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October 16, 2019

Fun DIY word chart to help kids learn new words

Building a larger vocabulary can be tricky work for young readers. It often takes consistent repetition and practice to learn new words and internalize their meaning. As kids develop their vocabularies, they learn many new words on a routine basis. Without knowing the definition of a word, kids might look for clues to identify the meaning. They’ll look for visual cues, examine context, and ask questions to discover the meaning of a new word. But this discovery can be a bit of a guessing game.

With the power of the internet at our fingertips, it’s easy to look up a definition, but what about retaining the knowledge? Recording previous encounters with the new word can help with memorization of the word in other contexts. 

Parents and guardians can help kids navigate the confusing work of learning new words through consistent practice. Creating a DIY word chart is a fun way to get kids involved in documenting and practicing new words to grow their vocabulary. The next time you read together with your child, try keeping track of new vocabulary words in a chart. Adding to the chart routinely will build a good habit of looking up unfamiliar words while enticing kids’ imaginations about their meaning.

The Reading Partners curriculum utilizes a word chart template to record new vocabulary for students. Emerging readers get “Word Nets” to capture new words while beginner and advancing readers get a “Wondrous Word Journal” to record new vocabulary words, as well as its definition, context, and pictures. 

How to create your own word chart

Feeling inspired to make your own word chart to help your kids learn new words? Here’s what you will need for this project:

Materials needed:

  • Construction paper or colored cardstock
  • Printouts of our word chart template
  • Stapler (or hole-punch if using binder)
  • Various supplies for decorations of your choice (markers, washi tape, glitter glue, stickers, etc.) – Optional
  • Binder – Optional


1. Print out around five copies of our word chart template. If you’re interested in creating your own word chart, draw a 3×6 grid on an 8.5×11 piece of paper. For each square in the top row, write “Word,” “Definition,” and “Example.”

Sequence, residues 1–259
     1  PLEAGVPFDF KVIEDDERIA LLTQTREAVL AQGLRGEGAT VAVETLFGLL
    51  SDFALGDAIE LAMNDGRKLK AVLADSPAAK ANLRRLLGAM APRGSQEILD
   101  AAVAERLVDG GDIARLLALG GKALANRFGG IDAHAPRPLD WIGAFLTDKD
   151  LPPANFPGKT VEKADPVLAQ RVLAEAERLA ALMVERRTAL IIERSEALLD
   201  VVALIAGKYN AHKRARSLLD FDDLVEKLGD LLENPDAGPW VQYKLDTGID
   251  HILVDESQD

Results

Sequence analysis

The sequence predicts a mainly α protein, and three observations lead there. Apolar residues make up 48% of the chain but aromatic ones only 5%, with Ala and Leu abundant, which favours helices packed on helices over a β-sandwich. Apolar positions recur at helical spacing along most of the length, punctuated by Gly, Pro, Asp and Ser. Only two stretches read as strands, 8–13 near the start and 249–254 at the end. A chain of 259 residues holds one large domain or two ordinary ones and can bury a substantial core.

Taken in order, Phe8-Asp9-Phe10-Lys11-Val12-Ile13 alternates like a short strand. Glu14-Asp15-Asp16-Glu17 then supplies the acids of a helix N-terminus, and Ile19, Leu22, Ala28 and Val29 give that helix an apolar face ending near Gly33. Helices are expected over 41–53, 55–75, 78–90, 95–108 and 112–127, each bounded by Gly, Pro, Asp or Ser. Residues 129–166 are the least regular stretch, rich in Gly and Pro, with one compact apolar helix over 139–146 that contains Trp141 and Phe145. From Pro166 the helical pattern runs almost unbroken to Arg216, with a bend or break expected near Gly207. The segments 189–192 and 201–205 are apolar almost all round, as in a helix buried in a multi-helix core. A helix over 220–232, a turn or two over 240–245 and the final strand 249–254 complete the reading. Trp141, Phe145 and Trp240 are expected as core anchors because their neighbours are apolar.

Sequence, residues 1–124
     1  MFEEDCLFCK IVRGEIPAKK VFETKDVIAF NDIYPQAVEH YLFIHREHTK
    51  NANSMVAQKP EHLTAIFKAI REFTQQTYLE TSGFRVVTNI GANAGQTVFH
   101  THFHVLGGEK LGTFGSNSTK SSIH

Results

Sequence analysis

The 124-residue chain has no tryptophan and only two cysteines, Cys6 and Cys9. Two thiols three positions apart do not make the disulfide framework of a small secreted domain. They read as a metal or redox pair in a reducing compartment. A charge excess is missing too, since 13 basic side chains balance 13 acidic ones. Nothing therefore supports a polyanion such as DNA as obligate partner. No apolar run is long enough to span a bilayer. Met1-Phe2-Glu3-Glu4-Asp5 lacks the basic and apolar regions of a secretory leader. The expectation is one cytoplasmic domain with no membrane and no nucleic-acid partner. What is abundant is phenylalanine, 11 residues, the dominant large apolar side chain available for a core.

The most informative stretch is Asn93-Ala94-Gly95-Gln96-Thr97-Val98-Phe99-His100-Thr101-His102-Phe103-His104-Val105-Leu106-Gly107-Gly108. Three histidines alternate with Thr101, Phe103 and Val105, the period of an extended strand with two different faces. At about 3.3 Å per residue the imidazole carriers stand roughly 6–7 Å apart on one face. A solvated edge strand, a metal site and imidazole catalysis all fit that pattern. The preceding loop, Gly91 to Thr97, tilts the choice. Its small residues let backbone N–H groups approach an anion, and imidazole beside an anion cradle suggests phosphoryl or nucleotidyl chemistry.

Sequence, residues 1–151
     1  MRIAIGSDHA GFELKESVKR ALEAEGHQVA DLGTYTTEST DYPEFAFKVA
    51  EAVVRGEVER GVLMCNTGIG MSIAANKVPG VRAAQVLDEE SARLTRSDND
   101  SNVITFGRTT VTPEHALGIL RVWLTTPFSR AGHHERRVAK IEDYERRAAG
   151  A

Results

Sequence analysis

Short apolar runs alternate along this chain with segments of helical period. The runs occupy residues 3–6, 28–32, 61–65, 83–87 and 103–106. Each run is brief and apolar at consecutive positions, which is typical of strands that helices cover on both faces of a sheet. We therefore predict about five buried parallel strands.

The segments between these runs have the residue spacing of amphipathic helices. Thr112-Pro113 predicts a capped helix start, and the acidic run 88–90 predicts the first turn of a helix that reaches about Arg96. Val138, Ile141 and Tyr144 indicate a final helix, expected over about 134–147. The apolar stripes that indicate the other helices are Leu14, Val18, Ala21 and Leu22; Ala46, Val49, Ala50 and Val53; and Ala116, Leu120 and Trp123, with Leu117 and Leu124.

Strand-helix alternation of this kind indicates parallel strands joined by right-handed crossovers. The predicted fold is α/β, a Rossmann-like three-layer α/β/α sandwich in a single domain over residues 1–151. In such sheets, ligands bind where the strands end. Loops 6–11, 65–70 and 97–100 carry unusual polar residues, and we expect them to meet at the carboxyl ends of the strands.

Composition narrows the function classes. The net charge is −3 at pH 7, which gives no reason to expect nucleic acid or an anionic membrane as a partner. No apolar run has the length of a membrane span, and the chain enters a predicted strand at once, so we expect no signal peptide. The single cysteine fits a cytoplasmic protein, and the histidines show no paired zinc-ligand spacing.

2. Hole punch your charts if using a binder.

3. Don’t forget the cover page! On a piece of construction paper or colored cardstock, write out “ _____’s Dictionary”. Have your child decorate with washi tape, glitter glue, or stickers.

4. If using the binder, slide the cover page in the front and fill the binder with the hole-punched word charts. If you aren’t using a binder, staple the cover page together with the word chart printouts.

5. When all charts are filled up, add more word chart sheets.

How to use your word chart to learn new words

When your child comes across a word they don’t know, first ask what they think the word means within the context of the narrative. Then, work together to find the word in a dictionary and read the definition. 

Have your child write the words in their chart, along with the definition and an example or picture. They can also add a sentence containing the word or quote the passage it came from.

High five and celebrate learning a new word! 

When the word comes up in another text, reference the word chart to recall how it was used in the previous context. If your child isn’t able to recall the definition, add it to the chart again with the new sentence. 

When your child is able to recall the definition without help, then color the box in to show that they understand the definition of the word.

Feel free to get as creative as you’d like with your word chart, and don’t forget to have fun reading!

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